- Green, Francis & McIntosh, Steven, 2001. "The intensification of work in Europe," Labour Economics, Elsevier, vol. 8(2), pages 291-308, May.
- Hall, Peter A. & Soskice, David (ed.), 2001. "Varieties of Capitalism: The Institutional Foundations of Comparative Advantage," OUP Catalogue, Oxford University Press, number 9780199247752, July.
- Skott, P., 1989. "Imperfect Competition And The Theory Of The Falling Rate Of Profit," Economics Working Papers 1989-18, School of Economics and Management, University of Aarhus.
- Francis Green, 2002. "Why Has Work Effort Become More Intense?," Studies in Economics 0207, Department of Economics, University of Kent.
- Matias Ramirez & Frederick Guy & David Beale, 2007. "Contested Resources: Unions, Employers, and the Adoption of New Work Practices in US and UK Telecommunications," British Journal of Industrial Relations, London School of Economics, vol. 45(3), pages 495-517, 09.
- Gintis, Herbert & Ishikawa, Tsuneo, 1987. "Wages, work intensity, and unemployment," Journal of the Japanese and International Economies, Elsevier, vol. 1(2), pages 195-228, June.
- Francis Green & Steven McIntosh, 1998. "Union power, cost of job loss, and workers' effort," Industrial and Labor Relations Review, ILR Review, Cornell University, ILR School, vol. 51(3), pages 363-383, April.
Blog mentionsAs found by EconAcademics.org, the blog aggregator for Economics research:
by chris dillow in Stumbling and Mumbling on 2011-07-28 13:53:23
- Inequality & power
by chris dillow in Stumbling and Mumbling on 2011-05-20 17:33:31
- Class matters
by chris dillow in Stumbling and Mumbling on 2011-05-18 12:43:32
- Looks & earnings
by chris dillow in Stumbling and Mumbling on 2011-05-16 15:23:21
- Profits & top incomes
by chris dillow in Stumbling and Mumbling on 2010-10-31 09:47:10
- Miliband on immigration
by chris dillow in Stumbling and Mumbling on 2010-09-29 13:05:08
- The tendency for the rate of profit to rise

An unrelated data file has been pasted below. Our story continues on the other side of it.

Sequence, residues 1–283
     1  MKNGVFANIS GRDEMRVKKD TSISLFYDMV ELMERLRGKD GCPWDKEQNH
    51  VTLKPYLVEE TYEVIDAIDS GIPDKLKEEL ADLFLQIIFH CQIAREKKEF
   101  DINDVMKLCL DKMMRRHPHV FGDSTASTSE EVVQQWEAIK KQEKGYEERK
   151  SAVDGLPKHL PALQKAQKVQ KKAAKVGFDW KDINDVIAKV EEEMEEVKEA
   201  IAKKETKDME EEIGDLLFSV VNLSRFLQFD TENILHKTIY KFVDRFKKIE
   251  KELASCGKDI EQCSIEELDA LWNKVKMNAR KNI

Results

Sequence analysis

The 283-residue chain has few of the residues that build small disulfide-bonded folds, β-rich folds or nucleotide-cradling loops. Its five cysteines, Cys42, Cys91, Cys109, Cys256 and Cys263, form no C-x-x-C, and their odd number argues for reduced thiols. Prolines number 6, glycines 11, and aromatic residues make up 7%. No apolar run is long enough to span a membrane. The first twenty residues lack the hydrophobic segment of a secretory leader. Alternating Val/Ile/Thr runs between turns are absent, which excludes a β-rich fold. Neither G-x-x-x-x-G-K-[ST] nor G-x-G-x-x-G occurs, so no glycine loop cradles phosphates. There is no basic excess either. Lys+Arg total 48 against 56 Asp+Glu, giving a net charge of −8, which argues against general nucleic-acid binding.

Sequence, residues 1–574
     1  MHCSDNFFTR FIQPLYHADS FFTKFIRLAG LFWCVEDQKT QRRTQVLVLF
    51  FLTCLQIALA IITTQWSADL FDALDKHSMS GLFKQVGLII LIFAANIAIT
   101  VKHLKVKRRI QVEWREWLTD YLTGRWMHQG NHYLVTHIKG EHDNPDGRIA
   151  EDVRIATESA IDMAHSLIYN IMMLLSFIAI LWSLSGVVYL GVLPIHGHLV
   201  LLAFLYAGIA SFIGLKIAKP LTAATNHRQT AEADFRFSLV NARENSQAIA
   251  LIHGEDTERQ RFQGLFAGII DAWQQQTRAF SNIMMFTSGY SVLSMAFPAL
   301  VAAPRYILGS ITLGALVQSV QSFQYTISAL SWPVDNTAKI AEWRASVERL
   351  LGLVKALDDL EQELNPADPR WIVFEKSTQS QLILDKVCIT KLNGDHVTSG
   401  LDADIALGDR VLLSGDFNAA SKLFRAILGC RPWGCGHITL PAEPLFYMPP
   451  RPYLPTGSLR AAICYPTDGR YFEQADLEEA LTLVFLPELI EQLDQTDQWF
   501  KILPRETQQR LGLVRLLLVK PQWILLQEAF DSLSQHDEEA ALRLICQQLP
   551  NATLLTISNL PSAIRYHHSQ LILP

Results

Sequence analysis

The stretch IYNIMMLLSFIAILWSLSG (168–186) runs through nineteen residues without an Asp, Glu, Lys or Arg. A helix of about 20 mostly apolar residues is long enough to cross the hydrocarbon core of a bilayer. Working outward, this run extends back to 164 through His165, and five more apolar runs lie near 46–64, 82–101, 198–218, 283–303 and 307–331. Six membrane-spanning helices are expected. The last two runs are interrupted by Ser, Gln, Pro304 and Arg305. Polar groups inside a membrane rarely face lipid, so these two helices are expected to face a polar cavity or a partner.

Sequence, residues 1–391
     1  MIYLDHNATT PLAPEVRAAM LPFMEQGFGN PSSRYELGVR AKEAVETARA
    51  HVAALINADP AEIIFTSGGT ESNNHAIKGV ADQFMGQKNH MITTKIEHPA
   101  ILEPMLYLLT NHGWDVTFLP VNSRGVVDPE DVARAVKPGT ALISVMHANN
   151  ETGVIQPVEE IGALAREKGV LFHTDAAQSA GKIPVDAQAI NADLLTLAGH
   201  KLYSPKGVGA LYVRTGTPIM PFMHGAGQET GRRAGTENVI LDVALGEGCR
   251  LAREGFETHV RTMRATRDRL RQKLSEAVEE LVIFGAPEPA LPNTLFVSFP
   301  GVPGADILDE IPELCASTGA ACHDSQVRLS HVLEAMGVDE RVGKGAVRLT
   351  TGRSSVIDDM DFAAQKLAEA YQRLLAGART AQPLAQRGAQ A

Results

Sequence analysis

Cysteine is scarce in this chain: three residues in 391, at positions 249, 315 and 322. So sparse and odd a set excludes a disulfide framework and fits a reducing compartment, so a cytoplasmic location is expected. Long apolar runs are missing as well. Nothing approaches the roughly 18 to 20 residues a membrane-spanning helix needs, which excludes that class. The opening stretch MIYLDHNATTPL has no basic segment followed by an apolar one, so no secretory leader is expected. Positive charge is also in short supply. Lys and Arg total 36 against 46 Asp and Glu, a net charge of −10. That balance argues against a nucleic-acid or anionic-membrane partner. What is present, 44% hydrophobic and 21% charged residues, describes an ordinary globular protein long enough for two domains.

by chris dillow in Stumbling and Mumbling on 2010-04-07 12:48:41
- Economics as Feynman's onion
by chris dillow in Stumbling and Mumbling on 2009-07-05 10:14:27
- Bonuses, power and inequality
by chris dillow in Stumbling and Mumbling on 2009-02-08 11:15:00
- Immigration & wages: more evidence
by chris dillow in Stumbling and Mumbling on 2008-11-03 17:42:02
by chris dillow in Stumbling and Mumbling on 2012-12-28 14:35:29
- Why is the middle squeezed?
by chris dillow in Stumbling and Mumbling on 2013-03-27 14:18:02
For technical questions regarding this item, or to correct its authors, title, abstract, bibliographic or download information, contact: (Fidan Kurtulus).
If you have authored this item and are not yet registered with RePEc, we encourage you to do it here. This allows to link your profile to this item. It also allows you to accept potential citations to this item that we are uncertain about.
If references are entirely missing, you can add them using this form.
If the full references list an item that is present in RePEc, but the system did not link to it, you can help with this form.
If you know of missing items citing this one, you can help us creating those links by adding the relevant references in the same way as above, for each refering item. If you are a registered author of this item, you may also want to check the "citations" tab in your profile, as there may be some citations waiting for confirmation.
Please note that corrections may take a couple of weeks to filter through the various RePEc services.